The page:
23 DOMITIAN next received the imperial dignity, the younger brother of Titus, but more like Nero, or Caligula, or Tiberius, than his father or brother. In the commencement however of his reign he used his power with moderation; but, soon proceeding to the greatest excesses of licentiousness, rage, cruelty, and avarice, he provoked such universal detestation, that he effaced the remembrance of his father's and his brother's merits. He put to death the most distinguished of the senate. He was the first that required to be addressed as Lord and God; and he suffered no statue to be erected to him in the Capitol except of gold or silver. He put his own cousins to death. His pride also was execrable.
He made four expeditions, one against the Sarmatians, another against the Catti, and two against the Dacians. On account of the Dacians and the Catti he celebrated a double triumph; for the Sarmatians, he assumed only the laurel. He suffered many disasters however in these wars, for in Sarmatia one of his legions was cut off together with its captain, and by the Dacians Oppius Sabinus, a person of consular dignity, and Cornelius Fuscus, the prefect of the praetorian cohort, were slain, with numerous armies. At Rome he also erected several public buildings, among which were the Capitol, the Forum Transitorium, the Odeum, the Porticus Divorum, the temples of Isis and Serapis, and the Stadium.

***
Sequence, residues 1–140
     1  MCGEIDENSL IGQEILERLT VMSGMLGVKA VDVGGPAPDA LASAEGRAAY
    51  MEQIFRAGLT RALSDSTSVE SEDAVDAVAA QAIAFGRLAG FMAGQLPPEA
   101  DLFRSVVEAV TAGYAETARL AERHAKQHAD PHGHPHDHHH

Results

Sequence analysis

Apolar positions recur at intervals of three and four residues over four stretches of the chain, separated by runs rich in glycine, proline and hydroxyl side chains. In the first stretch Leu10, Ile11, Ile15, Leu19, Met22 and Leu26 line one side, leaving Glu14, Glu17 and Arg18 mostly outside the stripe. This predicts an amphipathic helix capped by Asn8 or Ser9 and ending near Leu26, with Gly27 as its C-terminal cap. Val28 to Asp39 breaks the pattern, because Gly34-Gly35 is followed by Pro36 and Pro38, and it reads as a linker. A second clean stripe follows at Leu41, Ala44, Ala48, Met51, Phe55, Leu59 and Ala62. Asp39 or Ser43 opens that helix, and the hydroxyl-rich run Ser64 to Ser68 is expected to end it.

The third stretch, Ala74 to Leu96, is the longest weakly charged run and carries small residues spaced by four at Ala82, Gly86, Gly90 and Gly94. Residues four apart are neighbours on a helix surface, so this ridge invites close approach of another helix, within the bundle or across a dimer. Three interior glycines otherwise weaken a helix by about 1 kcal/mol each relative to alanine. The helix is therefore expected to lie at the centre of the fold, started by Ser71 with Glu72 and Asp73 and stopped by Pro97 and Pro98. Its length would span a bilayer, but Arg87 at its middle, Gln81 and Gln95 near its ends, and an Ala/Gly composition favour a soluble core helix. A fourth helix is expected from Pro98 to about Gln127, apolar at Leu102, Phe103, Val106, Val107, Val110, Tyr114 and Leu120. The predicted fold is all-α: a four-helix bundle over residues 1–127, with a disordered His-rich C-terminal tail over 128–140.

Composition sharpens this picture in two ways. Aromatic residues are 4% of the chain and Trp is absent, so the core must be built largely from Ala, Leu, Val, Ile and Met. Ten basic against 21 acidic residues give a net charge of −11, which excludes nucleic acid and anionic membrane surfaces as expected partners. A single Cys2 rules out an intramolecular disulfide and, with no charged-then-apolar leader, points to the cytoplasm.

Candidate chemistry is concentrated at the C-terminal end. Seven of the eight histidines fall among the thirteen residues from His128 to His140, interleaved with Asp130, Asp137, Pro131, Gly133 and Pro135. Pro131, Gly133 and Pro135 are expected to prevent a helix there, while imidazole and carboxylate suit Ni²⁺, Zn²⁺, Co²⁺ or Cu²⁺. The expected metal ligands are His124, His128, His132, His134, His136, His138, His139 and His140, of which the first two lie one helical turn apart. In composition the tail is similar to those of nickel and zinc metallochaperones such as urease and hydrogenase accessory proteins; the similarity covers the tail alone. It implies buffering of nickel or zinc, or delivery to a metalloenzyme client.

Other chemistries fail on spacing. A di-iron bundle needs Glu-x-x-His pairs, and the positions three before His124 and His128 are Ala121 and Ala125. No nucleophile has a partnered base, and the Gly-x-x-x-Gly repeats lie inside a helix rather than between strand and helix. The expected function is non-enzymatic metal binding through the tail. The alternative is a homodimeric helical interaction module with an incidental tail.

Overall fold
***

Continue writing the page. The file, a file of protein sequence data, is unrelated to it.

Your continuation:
But, becoming universally odious on account of his crimes, he was put to death by a conspiracy of his own servants within the palace, in the forty-fifth year of his age, and the fifteenth of his reign. His corpse was carried out with extreme insult by common bearers, and buried ignominiously.
1 Caesaris nepos.] Grand nephew. Attia, the mother of Octavianus, was the daughter of Julia, Julius Caesar's sister. Thus Julius Caesar was great uncle to Octavianus.Glareanus.
2 Drusi privigni Augusti, et ipsius Tiberii nepos.] Either something is wanting in the text, as Madame Dacier observes, or nepos is used in a double sense, for a grandson and grand-nephew; for Drusus, the grandfather of Caligula, was the brother of Tiberius. I have translated nepos in this double sense.
3 Consecratus est.] This word seems properly to signify "was made au object of worship."
4 Duo nobilissima oppida.] Three are named, as Grunerus observes, by Tacitus, Annal. XIV. Camelodunum, c. 31, and Londinium and Verulamium, c. 33. Suetonius, however, Nero, c. 39, and Orosius, vii. 7, say two. Camelodunum is said by Camden to be Malden in Essex; Verulamium was near St. Alban's.
5 Furca capiti ejus inserta.] Thus these words are uniformly written in all the manuscripts and editions that I have seen. But what furcam capiti inserere means, I confess that I do not understand, unless that it be possible to explain it by hypallage. Barthius ad Briton. (Philipp. 6, 572) p. 458, judiciously proposes to read furcae capite inserto, a correction also made by Oudendorpius in the margin of his copy. Suetonius, Nero, c. 49, has cervicem inseri furcae.Verheyk. Tzschucke fancies that it may be explained by hypallage, for capite furcae inserto, and therefore makes no alteration. I have given what is evidently the sense.
6 Privata ejus vita.] Privata vita is opposed to imperium, as in c. 19; for under the emperors, even from the time of Augustus, it had become customary to call all privati except the emperor himself, even such as held the highest offices of state. See Jani ad Hor. Od. iii. 8, 26. So I)DIW/THS is opposed to BASILEU\S in Zosimus, ii. 7.Tzsckucke.
7 Privata vita.] See note on c. 16.
8 Duas validissimas gentes.] The Greek translator thinks that the Britons and Germans are meant. Vespasian is said to have recovered Britain, by Tacitus, Agric. c. 17. What other nation is intended is not clear.